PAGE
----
The gig economy is a labor market that relies heavily on temporary and part-time positions filled by independent contractors and freelancers rather than full-time permanent employees. The gig economy spans virtually every industry and represents a large part of the workforce. As of 2023, 73.3 million freelancers are estimated to work in the USA, and 76.4 million are expected in 2024.
Examples of jobs in the Gig Economy include:
- Making deliveries from a restaurant
- Driving for a ride-hailing app
- Shopping for or delivering groceries or other items
- Performing household tasks or running errands
Most gig workers access jobs and other resources via online apps or “gig platforms” that connect them with customers. Some of the largest gig platforms are run by well-known companies such as Uber, DoorDash, Instacart, and Upwork. Gig platforms not only connect workers to customers, but they also use proprietary algorithms that analyze data about the worker (e.g., proximity, acceptance rates, past performance) and use this information to allocate future jobs. In theory, workers who are available when needed and have good performance scores will get more and better jobs allocated to them (larger orders, larger tips). Workers who turn down a lot of jobs and have poor performance ratings can be locked out of jobs altogether.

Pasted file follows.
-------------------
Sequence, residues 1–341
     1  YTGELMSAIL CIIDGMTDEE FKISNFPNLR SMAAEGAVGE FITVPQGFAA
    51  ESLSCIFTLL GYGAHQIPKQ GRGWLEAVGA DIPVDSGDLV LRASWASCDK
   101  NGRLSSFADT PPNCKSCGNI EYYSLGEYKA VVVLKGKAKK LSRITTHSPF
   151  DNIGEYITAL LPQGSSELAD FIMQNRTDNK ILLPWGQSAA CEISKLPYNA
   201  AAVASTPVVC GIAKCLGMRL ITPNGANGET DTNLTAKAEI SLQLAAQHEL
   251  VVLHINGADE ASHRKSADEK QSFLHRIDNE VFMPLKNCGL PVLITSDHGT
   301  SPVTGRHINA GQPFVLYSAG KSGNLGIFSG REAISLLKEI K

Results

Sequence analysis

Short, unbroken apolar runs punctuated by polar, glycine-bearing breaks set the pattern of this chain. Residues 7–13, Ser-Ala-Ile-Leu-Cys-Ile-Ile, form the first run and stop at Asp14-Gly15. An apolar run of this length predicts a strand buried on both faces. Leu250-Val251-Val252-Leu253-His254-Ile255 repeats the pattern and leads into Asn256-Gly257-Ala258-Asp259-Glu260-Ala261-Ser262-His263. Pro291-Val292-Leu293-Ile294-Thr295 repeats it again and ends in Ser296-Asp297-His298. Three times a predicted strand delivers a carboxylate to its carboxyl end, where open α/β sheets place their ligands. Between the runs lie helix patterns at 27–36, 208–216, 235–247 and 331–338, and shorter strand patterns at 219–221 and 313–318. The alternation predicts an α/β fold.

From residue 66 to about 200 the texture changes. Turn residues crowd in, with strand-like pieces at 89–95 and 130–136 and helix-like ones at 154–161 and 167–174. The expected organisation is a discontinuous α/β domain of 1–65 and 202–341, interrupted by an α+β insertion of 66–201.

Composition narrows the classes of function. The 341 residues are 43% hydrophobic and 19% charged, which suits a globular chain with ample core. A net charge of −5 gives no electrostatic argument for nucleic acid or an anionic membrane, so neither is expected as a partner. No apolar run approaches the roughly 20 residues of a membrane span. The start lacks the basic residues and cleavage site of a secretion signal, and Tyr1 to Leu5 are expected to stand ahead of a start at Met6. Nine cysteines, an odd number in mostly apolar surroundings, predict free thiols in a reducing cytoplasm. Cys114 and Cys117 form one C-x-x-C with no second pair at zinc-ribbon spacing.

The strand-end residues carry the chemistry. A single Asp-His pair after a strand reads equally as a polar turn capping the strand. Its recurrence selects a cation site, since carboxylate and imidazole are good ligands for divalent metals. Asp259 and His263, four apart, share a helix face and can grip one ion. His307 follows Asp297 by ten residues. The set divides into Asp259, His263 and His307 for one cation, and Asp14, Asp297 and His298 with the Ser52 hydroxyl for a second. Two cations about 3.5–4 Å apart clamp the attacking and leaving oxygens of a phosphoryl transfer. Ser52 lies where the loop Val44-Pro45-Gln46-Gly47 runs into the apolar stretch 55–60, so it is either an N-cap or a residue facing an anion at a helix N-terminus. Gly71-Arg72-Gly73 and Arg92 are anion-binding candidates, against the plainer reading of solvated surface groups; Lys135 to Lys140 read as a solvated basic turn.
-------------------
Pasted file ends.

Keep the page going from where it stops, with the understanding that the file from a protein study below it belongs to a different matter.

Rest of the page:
The Rise in Account Fraud Due to Hungry Gig Workers
The gig economy is booming. Competition between gig workers can be fierce, and gig platforms are increasingly challenged to ensure that only qualified and verified workers are serving their customers. In an attempt to land more gigs, some workers are turning to dirty tricks by committing account fraud. Gig workers are purchasing, renting, and using other people’s accounts, or creating multiple accounts to trick and gain an advantage on gig platforms.
Account fraud in the gig economy can show up in various forms:
- Stolen account origination data: Malicious actors steal identity information and use it to onboard fake profiles. This can lead to the person whose identity has been compromised becoming liable for wrongful behavior and to the gig platform onboarding persons who are not eligible for work.
- Fake accounts: Gig workers fake their identities at onboarding to avoid paying taxes or to circumvent work requirements. This could mean that a service is done by a person lacking a work permit, a driver’s license, or who has a criminal record.
- Rented or purchased accounts: Legitimate gig workers “rent out” their accounts by giving their credentials to an acquaintance who is not vetted by the gig platform. The approved account holder receives the earnings, deducts their rental fee, and pays out the account renter.
- Duplicate accounts: Gig workers fraudulently establish multiple accounts to receive more orders and make more money. This type of fraud involves gig workers who use multiple names and phones to avoid detection.
- Bots: Gig workers use automated bots to automatically claim orders, making it harder for legitimate workers to get them.